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Device Would Power Pacemakers with Heartbeats

Piezoelectric energy scavenger could reduce the need to replace batteries in pacemakers

1 min read
Device Would Power Pacemakers with Heartbeats

Every 5-10 years people with pacemakers undergo surgery just to replace their pacemaker batteries. The operations are risky for some patients and costly, so researchers have been proposing alternative ways to keep those pacemakers powered up. We've seen a rubber film that could harvest energy from walking and breathing, a turbine that fits in a human aorta, and microbial fuel cells that use energy from blood sugar. Now researchers have proposed harvesting energy from heartbeats. 

Researchers at the University of Michigan designed the device around the idea of catching vibrations from heartbeats and converting them into electricity using a piezoelectric material. The university's news service reports that the device could generate 10 microwatts of power, or about eight times the amount a pacemaker needs to operate. 

Piezoelectric materials have been demonstrated to power mobile phones and other portable electronic devices, but translating the technology for mass production has proved impractical. In applying the technology to pacemakers, the researchers designed the shape of the ceramic layer to harvest vibrations across a broad range of frequencies. Magnets were also incorporated to boost the electric signal. The design is described in the current issue of Applied Physics Letters as "linear low frequency and nonlinear mono-stable and bi-stable energy harvesters."

No prototype has been built yet, but the researchers have detailed blueprints and run simulations demonstrating the concept. Tests indicate that the device could perform at heart rates from 7 to 700 beats per minute. 

The researchers, aerospace engineers Amin Karami and Daniel Inman, originally designed the device to generate power from wing vibrations on light unmanned airplanes.

 

Photo: Travis Goodspeed

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Are You Ready for Workplace Brain Scanning?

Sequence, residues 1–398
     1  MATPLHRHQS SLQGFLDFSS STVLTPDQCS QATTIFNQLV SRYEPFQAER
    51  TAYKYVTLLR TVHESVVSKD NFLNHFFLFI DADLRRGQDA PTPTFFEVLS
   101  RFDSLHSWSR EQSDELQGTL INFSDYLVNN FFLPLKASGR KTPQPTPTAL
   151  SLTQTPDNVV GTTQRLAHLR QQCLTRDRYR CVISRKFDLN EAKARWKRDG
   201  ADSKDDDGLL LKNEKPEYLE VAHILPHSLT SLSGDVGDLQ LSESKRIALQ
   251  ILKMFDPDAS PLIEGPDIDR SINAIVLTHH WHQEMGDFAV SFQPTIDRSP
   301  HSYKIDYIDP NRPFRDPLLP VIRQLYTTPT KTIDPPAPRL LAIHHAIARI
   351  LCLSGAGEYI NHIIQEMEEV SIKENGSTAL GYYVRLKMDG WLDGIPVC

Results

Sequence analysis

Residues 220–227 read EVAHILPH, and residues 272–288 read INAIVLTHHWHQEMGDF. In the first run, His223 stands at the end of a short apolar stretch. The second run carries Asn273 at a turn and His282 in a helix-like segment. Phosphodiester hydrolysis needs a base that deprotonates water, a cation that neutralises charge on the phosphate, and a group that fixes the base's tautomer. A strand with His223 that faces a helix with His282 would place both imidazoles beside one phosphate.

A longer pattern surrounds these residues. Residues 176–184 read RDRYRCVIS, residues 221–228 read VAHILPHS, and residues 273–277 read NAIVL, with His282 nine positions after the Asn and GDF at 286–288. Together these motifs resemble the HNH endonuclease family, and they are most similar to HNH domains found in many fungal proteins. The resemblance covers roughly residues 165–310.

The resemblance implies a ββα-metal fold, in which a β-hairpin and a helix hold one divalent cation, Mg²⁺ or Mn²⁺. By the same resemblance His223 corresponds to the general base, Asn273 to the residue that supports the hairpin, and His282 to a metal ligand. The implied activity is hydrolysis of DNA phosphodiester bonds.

Extracting and using brain data will make workers happier and more productive, backers say

11 min read
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A photo collage showing a man wearing a eeg headset while looking at a computer screen.
Nadia Radic
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Get ready: Neurotechnology is coming to the workplace. Neural sensors are now reliable and affordable enough to support commercial pilot projects that extract productivity-enhancing data from workers’ brains. These projects aren’t confined to specialized workplaces; they’re also happening in offices, factories, farms, and airports. The companies and people behind these neurotech devices are certain that they will improve our lives. But there are serious questions about whether work should be organized around certain functions of the brain, rather than the person as a whole.

To be clear, the kind of neurotech that’s currently available is nowhere close to reading minds. Sensors detect electrical activity across different areas of the brain, and the patterns in that activity can be broadly correlated with different feelings or physiological responses, such as stress, focus, or a reaction to external stimuli. These data can be exploited to make workers more efficient—and, proponents of the technology say, to make them happier. Two of the most interesting innovators in this field are the Israel-based startup InnerEye, which aims to give workers superhuman abilities, and Emotiv, a Silicon Valley neurotech company that’s bringing a brain-tracking wearable to office workers, including those working remotely.

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